On September 8th, 2022, Elizabeth II, Queen of the United Kingdom and the other Commonwealth realms, died at the age of 96 at Balmoral Castle in Scotland. Here we pay our respects to the longest-living and longest-reigning British monarch.
Queen Elizabeth II surpassed the reign of her great-great-grandmother, Queen Victoria, who spent 63 years on the throne between 1837 and 1901. Unlike the stoicism that Queen Victoria was renowned for, Elizabeth II was an affable, kind and jovial monarch whose British sense of humor stretched far and wide. She saw 14 prime ministers come and go during her reign (Winston Churchill always remaining her favorite) and had just appointed a 15th in Liz Truss days before her death. She presided over landmark occasions, from the marriage of her son the Prince of Wales to Lady Diana Spencer in 1981, and at one time, she appeared on at least 33 different currencies, more than any other monarch, as noted by Guinness World Records. But it is in the pictures of Queen Elizabeth II at sea where she always looked her most radiant.
The Queen’s role as Commander in Chief of the British Royal Navy naturally meant she spent plenty of time on board boats during her 70-year reign. Her first taste of life on the oceans was aboard the 128m Royal Yacht HMY Victoria and Albert as a young princess in the company of her parents King George VI and Queen Elizabeth. HMY Victoria and Albert was superseded by Her Majesty's Yacht Britannia, also known as the Royal Yacht Britannia, which was commissioned by her father just two days before his death.
Delivered by the John Brown & Co shipyard in Clydebank, Scotland, in 1953 – the same year as the Queen’s coronation – the 126m five-decked Britannia served as a Royal residence for more than 40 years. It sailed over 1,000,000 nautical miles on 968 state visits with the Queen and other members of the Royal Family where they entertained prime ministers and presidents. It also hosted the Royal Family in August during their off-duty holidays to locations such as the Outer Hebrides islands of Western Scotland, where they visited in 1995.
It's widely known that the Queen's favorite room on board Britannia, where she would enjoy breakfast and afternoon tea, was the gorgeous teak-lined sun lounge. It was a family space and offered privacy from the rest of the ship. The Royal deck was used for games and entertaining, while the verandah deck, with its collapsible swimming pool, was where the Royal Family relaxed in privacy, sunbathing or enjoying games of quoits or deck hockey. Prince Philip even occasionally set up his painting easel.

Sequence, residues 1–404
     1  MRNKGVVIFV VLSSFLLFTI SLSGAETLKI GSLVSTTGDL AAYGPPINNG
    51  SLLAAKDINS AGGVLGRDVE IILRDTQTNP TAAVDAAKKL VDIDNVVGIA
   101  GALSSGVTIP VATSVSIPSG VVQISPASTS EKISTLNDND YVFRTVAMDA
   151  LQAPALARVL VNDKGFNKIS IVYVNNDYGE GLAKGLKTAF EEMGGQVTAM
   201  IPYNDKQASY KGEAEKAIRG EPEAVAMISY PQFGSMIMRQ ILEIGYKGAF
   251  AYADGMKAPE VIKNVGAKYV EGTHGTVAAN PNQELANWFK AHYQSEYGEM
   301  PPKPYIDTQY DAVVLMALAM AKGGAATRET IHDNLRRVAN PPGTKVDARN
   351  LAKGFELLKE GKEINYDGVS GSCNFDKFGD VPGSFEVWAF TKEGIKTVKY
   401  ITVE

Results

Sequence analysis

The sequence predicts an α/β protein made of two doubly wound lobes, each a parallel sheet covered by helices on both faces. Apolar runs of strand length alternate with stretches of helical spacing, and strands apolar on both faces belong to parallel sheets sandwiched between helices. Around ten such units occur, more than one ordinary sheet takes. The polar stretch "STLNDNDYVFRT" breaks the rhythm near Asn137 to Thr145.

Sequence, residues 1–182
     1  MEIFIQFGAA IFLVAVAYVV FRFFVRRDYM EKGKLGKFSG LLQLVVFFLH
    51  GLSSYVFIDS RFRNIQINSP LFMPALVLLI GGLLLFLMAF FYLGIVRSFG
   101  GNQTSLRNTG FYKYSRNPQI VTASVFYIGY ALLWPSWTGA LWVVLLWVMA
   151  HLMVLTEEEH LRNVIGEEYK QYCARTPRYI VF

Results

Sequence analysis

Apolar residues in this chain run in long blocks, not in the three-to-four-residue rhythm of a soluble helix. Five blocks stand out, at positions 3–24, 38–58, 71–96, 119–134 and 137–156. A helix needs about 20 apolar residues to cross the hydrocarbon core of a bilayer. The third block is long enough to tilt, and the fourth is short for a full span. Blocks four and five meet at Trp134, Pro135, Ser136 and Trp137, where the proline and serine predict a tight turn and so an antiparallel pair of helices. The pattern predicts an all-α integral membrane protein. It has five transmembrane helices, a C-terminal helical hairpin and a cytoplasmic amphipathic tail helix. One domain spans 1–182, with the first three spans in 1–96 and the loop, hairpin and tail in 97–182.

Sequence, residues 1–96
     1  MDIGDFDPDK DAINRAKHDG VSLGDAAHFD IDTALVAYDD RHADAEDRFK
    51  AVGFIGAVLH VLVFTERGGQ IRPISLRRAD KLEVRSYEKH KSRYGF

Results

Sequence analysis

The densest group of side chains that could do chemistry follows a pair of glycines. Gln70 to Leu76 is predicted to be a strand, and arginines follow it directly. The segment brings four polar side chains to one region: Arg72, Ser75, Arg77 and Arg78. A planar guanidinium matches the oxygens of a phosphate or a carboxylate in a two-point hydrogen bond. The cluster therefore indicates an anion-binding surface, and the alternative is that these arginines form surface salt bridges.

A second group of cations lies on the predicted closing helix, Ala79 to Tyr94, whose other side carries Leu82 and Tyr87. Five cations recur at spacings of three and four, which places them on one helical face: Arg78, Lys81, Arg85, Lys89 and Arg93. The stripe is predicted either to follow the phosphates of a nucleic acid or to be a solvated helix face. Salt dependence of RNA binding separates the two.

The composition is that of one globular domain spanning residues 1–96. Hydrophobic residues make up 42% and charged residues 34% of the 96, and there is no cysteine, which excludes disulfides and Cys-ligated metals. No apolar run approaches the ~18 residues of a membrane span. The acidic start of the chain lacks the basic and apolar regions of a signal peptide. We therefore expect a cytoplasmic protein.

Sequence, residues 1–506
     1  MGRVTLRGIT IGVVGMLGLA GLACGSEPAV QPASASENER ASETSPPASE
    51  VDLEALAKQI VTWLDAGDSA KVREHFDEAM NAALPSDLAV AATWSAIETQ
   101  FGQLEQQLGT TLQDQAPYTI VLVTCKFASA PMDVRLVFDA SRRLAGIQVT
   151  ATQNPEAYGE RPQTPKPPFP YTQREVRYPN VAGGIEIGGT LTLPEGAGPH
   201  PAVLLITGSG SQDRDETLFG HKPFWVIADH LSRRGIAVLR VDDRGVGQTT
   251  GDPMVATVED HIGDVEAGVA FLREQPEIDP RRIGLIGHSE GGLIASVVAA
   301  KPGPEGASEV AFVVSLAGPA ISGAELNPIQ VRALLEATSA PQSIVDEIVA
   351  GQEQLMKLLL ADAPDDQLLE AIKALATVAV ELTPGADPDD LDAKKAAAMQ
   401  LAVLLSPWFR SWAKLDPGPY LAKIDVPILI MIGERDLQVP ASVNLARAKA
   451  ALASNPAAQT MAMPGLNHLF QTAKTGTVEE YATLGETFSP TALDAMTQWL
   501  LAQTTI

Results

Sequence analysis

Britannia also proved to be an ideal Royal honeymoon venue - Princess Margaret and Anthony Armstrong-Jones being the first in 1960 – as it was both private and able to sail to secluded locations. The Queen also used the ship to promote trade and industry around the globe. These trade missions were known as ‘Sea Days’ and an invitation to come aboard often proved irresistible to the world’s leading business and political figures.
However, the Queen also enjoyed private charters during her life, the most famous being in 1954, when she sailed into Hobart Harbour in Tasmania with her husband Prince Philip on board the SS Gothic. She became the first, and so far the only reigning British monarch to visit Australia during her Royal Tour.
It was aboard Lady Maurine in 1975 that Queen Elizabeth II and Prince Philip arrived at Kowloon Harbour during their Royal Tour of East Asia. In 1982, when she visited the South Pacific island country of Tuvalu, for which she was the reigning monarch, she was elegantly transported between villages on a Tuvalu canoe, a traditional ceremonial boat.
Monday 19 September 2022 marks the date for the Queen’s State Funeral when Union Flags across Britain will fly at half-mast. Her Majesty The Queen faithfully served her country for decades with grace, resilience, wisdom and courage. In 1953, after her coronation, the Queen pledged herself to a life a service, stating, “All my life and with all my heart, I shall strive to be worthy of your trust.”
She was a woman of her word and will be greatly missed.